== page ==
SPECIAL REPORTS

Choosing Praise

Even as the destruction and death surrounds them, the Haiti people are lifting up their hands to say thanks to God and lift up p

Haitians gather at Champs de Mars public square to lift hands up to God in a time of mourning. © Liliane Pierre-Paul 2010

A small boy sits under a tarp in a tent city...one of a multitude of set ups in Haiti where people are now living. © Flickr photo 2010

They came to the country’s central meeting place, one where its most enamored public institution was completely ruined, as part of a dedicated mourning of the lost, but the scene here looked more like a celebration as people let the hands in the air and shouted praises to the Lord.

Haitians that came here, gathering in Champs de Mars public square, across from where the country’s palace was completely destroyed, let out tears but also sang and danced, choosing to bring joy into a somber moment. Greatly on the minds of those gathered, no doubt, were the estimated 212,000 people that have died in this disaster, but the mood in Port-au-Prince, according to reports, was more joyous that sorrow-filled.

The special mourning/celebration was held to commemorate the one-month mark after the 7.0-magnitude earthquake that struck here. Nearly every search and rescue team has completed its respective search, much of the rubble has cleared and deceased bodies put to rest, some officially, some as part of mass graves, while many of the victims have been at least by now been identified…within this environment, wearing black arm bands, the Haitian people came together to weep and cheer.

"It is by the grace of God we are still alive," said 40-year-old Venite Constant, who lost a sister, a brother and several friends in the Detroit Free Press. "And it is by the grace of God we will become a better nation."

Hard to believe that it has been a full month since a 7.0-magnitude earthquake sent Haiti into a tailspin, its infrastructure demolished to include more than a million homes, its primary port facility, a handful of hospitals, much of its roadways, and electrical system.

Progress is being made slowly but surely. Spearheaded by the United Nations and U.S.AID and a number of other relief agencies, distribution centers have been opened up throughout Port-au-Prince as well as medical triages. Ground transportation is now possible again and the port facility is nearly restored, at least to a functioning level.

Temporary living, to provide shelter for the nearly 1.2 million homeless, has been the key focus of the rebuilding efforts. Tent cities have been sprouting up throughout Port-au-Prince. The tents are made out of the anything from bed sheets to table cloths to national flags, pitched primarily with branches. The lucky ones have tarps that provide better shelter from the conditions, especially as rainy season soon approaches. Sadly, only 5 percent of the internally displaced areas have proper sanitation, which is making diseases in these areas likely.

But the people in these tent cities, for the most part, have started life over. They have chosen to make their tent, however it is constructed, home. They sweep it and tend to it, as if it were a dwelling with four walls. Around them, they build community, by linking hearts with neighbors and sharing what they have. Some sell goods on tent corners, leading way to a small marketplace and economic system within these tent villages.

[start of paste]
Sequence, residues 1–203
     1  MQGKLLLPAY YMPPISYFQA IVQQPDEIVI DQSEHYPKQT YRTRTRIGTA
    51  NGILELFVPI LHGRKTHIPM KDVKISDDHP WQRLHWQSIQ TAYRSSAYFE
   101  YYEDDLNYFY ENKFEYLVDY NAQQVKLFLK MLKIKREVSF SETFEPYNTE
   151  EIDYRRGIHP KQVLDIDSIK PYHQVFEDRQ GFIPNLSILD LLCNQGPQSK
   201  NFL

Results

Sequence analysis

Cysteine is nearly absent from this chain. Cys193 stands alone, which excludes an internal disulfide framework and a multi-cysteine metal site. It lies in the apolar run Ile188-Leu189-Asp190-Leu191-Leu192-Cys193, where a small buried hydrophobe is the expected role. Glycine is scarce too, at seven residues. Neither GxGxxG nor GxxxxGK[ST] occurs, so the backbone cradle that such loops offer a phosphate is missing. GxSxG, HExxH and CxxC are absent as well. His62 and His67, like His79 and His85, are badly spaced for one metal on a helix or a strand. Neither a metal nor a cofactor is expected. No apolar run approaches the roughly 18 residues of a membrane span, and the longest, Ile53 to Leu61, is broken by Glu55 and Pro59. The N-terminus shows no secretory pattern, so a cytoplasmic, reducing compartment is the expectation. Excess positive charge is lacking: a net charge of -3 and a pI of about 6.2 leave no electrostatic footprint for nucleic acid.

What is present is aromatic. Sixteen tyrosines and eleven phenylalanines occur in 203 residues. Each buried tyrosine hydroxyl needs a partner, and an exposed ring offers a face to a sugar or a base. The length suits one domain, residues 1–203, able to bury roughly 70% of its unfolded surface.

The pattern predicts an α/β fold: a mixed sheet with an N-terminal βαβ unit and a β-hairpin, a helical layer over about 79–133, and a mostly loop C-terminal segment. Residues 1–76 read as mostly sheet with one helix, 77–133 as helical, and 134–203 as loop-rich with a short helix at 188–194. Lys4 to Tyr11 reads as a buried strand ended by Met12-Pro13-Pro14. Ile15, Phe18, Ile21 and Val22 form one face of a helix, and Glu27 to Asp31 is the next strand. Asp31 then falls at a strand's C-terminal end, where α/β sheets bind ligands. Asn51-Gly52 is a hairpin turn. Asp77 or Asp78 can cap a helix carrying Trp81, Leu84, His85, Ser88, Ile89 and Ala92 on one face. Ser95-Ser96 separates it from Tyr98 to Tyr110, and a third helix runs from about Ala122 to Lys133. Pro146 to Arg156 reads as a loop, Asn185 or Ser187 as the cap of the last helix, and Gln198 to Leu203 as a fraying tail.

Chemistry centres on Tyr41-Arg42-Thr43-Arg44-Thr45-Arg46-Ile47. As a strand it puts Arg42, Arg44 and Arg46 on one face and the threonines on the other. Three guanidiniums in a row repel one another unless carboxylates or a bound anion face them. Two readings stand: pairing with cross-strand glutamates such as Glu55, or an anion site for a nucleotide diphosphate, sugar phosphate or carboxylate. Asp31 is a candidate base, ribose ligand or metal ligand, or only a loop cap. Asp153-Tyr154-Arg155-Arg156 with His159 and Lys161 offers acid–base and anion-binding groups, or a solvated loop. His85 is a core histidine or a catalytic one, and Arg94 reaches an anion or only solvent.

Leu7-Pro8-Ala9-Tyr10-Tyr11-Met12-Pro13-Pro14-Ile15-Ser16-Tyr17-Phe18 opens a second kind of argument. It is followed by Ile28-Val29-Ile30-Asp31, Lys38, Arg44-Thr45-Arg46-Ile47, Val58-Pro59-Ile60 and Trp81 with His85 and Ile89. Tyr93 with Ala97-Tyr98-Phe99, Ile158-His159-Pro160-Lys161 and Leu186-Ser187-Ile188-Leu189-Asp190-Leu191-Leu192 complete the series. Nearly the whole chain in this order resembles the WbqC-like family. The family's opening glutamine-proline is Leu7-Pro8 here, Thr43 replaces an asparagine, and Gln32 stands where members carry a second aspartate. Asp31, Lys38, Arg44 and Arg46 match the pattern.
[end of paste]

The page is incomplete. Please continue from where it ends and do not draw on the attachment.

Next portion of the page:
Still others victims are moving outside of Port-au-Prince to the unaffected villages, causing an influx there that those villages can’t handle. According to the Detroit Free Press, in the villages and cities outside of Port-au-Prince, an estimated 500,000 refugees have flooded in; in the coastal city of Les Cayes, the United Nations estimates there are nearly 2,000 refugees entering each day.

Yet, even with continued troubles in delivering aid and resources to those in need, there are positive reports from non-profits working on the ground. From Operational Blessing International: “The water purification unit in Dadadou is running great, and we brought a team of Israeli post-trauma experts from IsraAid with us to serve the camp's children by interacting with them and engaging them in activities.”

Samaritan’s Purse has been concentrating on the city of Cite Soleil, where it has provided blue tarps and also food. Last week, the faith-based non-profit was able to give 583 tons of food to 23,322 families/139,932 individuals to Cite Soleil.

Other areas of praise are that reports say the city’s commerce in Port-au-Prince is slowly resuming. People are frequenting the markets, though prices are soaring due to scarcity of products.

Reports say the Port-au-Prince airport will resume to international traffic again later this week.

Progress is occurring, indeed, some areas quicker than others. The mourning process will continue for many of these families here, for some time. Doctors, scientists, politicians, children with dreams…all part of the ones whose lives extinguished before they saw full fruition. Even in the hardship and heartache, the people continue to lift their hands and their hearts above to the Lord.